The son of a car painter, and the fifth of seven brothers, young Alfredo Vignale was more interested in shaping metal. He took his first tentative steps into coachbuilding in 1924, embarking on an apprenticeship with Ferrero & Morandi in Piazza Enrico, Turin, when he was only 11 years old. Six years later, he caught the eye of Battista ‘Pinin’ Farina, under whom he would complete his training. Aged 24, he was then poached by Giovanni Farina – brother of Battista and owner of Stablimenti Farina – to be his workshop foreman. Nonetheless, Vignale dreamed of being his own boss. In order to make the leap and establish his own carrozzeria, he spent his evenings toiling away in his basement, making kitchen utensils and bicycle mudguards in a bid to raise the necessary funds.
The Second World War interrupted his plans, but in 1947 he received an offer he couldn’t refuse. Piero Dusio, founder of the wildly ambitious Cisitalia concern, had been trying to find someone to help turn aerodynamicist Giovanni Savonuzzi’s concept for the 202 SMM Aerodinamico Coupe into 1:1-scale reality. Other coachbuilders had baulked at the challenge due to the complexity of Savonuzzi’s brief, but Vignale relished the challenge and, on accepting the gig, was able to rent a small room in a former sawmill and establish his own business.
Before long, his small business became a moderately sized one, and the first car to be built under his own name arrived in 1947. Based on a second-hand Fiat Topolino, the pretty coupe attracted plenty of interest when displayed in a Turin car dealership. Meanwhile, Vignale began a long, fruitful relationship with fellow Stablimenti Farina old boy Giovanni Michelotti. The two friends became regular collaborators, Michelotti producing renderings that Vignale turned into three-dimensional reality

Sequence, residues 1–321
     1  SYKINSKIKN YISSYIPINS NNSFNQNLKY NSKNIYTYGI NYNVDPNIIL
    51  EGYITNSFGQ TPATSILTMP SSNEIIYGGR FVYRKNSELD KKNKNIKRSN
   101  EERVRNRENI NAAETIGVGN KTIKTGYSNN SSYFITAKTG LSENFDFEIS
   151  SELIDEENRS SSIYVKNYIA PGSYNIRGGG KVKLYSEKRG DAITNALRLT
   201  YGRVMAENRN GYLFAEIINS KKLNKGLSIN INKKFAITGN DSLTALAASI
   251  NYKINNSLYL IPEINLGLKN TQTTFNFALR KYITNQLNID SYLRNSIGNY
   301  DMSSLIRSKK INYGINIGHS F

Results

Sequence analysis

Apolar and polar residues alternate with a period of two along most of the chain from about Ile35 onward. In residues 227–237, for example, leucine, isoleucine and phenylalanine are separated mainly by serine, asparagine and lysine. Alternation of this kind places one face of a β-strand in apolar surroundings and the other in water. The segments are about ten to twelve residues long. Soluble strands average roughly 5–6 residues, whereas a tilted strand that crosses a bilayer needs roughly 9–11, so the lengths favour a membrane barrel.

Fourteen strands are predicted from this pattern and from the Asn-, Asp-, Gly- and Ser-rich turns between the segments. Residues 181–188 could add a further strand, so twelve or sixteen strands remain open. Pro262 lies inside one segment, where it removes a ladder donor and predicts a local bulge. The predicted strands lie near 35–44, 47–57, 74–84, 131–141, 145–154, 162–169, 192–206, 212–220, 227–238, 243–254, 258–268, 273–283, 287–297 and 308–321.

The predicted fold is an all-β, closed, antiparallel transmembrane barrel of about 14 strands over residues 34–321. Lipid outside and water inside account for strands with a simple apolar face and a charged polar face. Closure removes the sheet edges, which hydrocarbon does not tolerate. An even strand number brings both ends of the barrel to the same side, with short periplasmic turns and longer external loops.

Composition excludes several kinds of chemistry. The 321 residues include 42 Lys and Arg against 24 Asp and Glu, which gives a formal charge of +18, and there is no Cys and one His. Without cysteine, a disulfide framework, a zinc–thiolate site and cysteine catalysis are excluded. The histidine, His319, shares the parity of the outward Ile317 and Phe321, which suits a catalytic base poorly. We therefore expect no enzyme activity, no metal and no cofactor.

Such was Carrozzeria Vignale’s growing reputation, it soon attracted Ferrari’s attention and would go on to clothe around 150 cars between 1950 and ‘1954. The 195 Inter you see here, chassis 0103S, was the sixth car built and one of 12 examples bodied by Vignale.
It was delivered to Ferrari’s Portuguese agent, Joao Gaspar, in April 1951 and sold new to Jose Cabral, who entered it in a hillclimb in September of that year. It was the car’s sole competition outing in period. It was then acquired by Lisbon’s Hermano Areias who didn’t keep it long, the next owner being Luts de Sttau Monteiro, son of the Portuguese ambassador to London. Fast-forward a decade and the car had fallen down the food chain. The country under the Antonio Salazar regime wasn’t conducive to exotica ownership, and the car lay in a state of disrepair at the back of a Mercedes-Benz dealership in Lisbon prior to being rescued by Joao Lacerda.
‘Unlike other Vignale Ferraris, it’s mercifully devoid of unnecessary styling tinsel. No tail-fins here’
Unfortunately, the Inter came without much in the way of paperwork, but Lacerda restored the car and used it extensively A box-file contains hand-written jottings recording trips to visit friends, a maintenance log, and receipts from 1981 from UK specialist Graypaul Motors. A letter from company principal
David Clarke discusses possible causes for the car smoking excessively despite it having covered all of 6000km from new (worn piston rings). Moving ahead in the narrative to the mid-1990s, the car was treated to a makeover. At some point in its history, it had been resprayed in ‘Retail Red’ rather than its original two-tone livery Using the dashboard instrument hues for reference, the car was repainted in its current blue and silver.